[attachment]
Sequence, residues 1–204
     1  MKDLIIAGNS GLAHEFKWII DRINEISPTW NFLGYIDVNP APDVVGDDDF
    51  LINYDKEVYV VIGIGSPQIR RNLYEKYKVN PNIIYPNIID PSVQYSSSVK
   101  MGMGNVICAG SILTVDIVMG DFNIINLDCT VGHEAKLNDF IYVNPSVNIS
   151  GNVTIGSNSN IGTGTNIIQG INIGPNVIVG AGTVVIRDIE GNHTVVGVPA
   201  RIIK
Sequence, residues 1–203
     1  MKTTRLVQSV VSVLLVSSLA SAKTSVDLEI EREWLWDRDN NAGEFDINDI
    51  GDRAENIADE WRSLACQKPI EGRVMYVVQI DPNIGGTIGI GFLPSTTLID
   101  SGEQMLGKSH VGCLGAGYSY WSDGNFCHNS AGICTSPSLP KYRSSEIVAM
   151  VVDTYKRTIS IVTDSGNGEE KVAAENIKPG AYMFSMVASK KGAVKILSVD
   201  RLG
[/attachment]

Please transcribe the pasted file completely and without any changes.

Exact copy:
Sequence, residues 1–204
     1  MKDLIIAGNS GLAHEFKWII DRINEISPTW NFLGYIDVNP APDVVGDDDF
    51  LINYDKEVYV VIGIGSPQIR RNLYEKYKVN PNIIYPNIID PSVQYSSSVK
   101  MGMGNVICAG SILTVDIVMG DFNIINLDCT VGHEAKLNDF IYVNPSVNIS
   151  GNVTIGSNSN IGTGTNIIQG INIGPNVIVG AGTVVIRDIE GNHTVVGVPA
   201  RIIK
Sequence, residues 1–203
     1  MKTTRLVQSV VSVLLVSSLA SAKTSVDLEI EREWLWDRDN NAGEFDINDI
    51  GDRAENIADE WRSLACQKPI EGRVMYVVQI DPNIGGTIGI GFLPSTTLID
   101  SGEQMLGKSH VGCLGAGYSY WSDGNFCHNS AGICTSPSLP KYRSSEIVAM
   151  VVDTYKRTIS IVTDSGNGEE KVAAENIKPG AYMFSMVASK KGAVKILSVD
   201  RLG